Quote:
Originally Posted by sean_miller View Post

Wow - you just started playing very recently and initially "hated the sport" but now you'e playing competitions and stuff. Kudos!! 

Well, I'm not, but it's not too hard to imagine the situation.

post #43 of 78

Personally when playing par 5s is going for the green in 3. I play with many people who try and go for eagle, it never works out for them. I would rather play it safe and par then end up in the hazard, trees or wahtever obstacles are in defending the hole.

post #44 of 78
on my home course...three of the four par 5's will make you play them traditionally unless you are a LONG hitter. 
 
The first one is only 500 yards but after the tee shot, the rest of the hole plays blind and is a pretty good dogleg up  and down a hill.  Beyond the green and left of it is a steep slope..bunker on the right and also trees...I don't think I've ever gone for it in two or even thought about it.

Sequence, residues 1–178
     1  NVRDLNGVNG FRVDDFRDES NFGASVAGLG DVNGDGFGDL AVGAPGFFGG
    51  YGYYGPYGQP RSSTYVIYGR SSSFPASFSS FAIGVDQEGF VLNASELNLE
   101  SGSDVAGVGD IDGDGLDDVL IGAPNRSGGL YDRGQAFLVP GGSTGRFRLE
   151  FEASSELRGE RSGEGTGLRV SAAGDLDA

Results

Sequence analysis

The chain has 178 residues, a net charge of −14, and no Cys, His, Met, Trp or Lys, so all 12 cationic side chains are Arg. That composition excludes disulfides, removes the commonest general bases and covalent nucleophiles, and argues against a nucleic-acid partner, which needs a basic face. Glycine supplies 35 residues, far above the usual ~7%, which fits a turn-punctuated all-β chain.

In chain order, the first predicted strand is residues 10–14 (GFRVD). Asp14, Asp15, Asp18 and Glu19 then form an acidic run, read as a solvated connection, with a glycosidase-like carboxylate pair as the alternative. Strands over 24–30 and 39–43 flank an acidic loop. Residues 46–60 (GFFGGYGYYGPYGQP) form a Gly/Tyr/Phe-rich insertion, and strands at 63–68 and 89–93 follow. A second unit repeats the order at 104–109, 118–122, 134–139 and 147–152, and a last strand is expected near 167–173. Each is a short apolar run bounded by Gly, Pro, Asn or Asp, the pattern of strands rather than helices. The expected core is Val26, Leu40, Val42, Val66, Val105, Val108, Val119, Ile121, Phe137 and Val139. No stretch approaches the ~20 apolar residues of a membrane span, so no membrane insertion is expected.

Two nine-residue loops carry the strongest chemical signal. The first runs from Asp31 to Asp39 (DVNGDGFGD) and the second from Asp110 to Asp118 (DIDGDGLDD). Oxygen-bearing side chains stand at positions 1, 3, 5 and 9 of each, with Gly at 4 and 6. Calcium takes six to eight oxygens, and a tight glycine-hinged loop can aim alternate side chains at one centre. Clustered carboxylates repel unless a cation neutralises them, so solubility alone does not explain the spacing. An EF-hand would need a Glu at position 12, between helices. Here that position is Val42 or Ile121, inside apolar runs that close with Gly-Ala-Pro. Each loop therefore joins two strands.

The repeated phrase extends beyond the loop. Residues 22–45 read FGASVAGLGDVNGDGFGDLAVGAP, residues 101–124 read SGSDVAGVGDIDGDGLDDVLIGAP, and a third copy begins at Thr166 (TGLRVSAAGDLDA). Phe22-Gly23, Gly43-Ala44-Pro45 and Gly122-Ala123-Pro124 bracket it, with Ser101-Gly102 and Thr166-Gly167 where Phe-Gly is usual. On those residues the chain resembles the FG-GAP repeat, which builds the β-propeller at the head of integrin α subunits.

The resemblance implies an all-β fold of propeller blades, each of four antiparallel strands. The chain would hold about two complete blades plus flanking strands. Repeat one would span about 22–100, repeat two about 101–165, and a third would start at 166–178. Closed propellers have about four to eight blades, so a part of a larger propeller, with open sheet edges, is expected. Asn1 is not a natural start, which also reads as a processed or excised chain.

Second one is gettable if you hit a great drive.  Gotta get the drive out to 275-280 to really have a good go.  On top of that you really have to be on the correct side of the fairway to not have tree trouble.  In front of the green runs a creek and any shot long will find the water or tall grass, anything short will come back into the creek.  If I'm outside of 160..I won't go for it.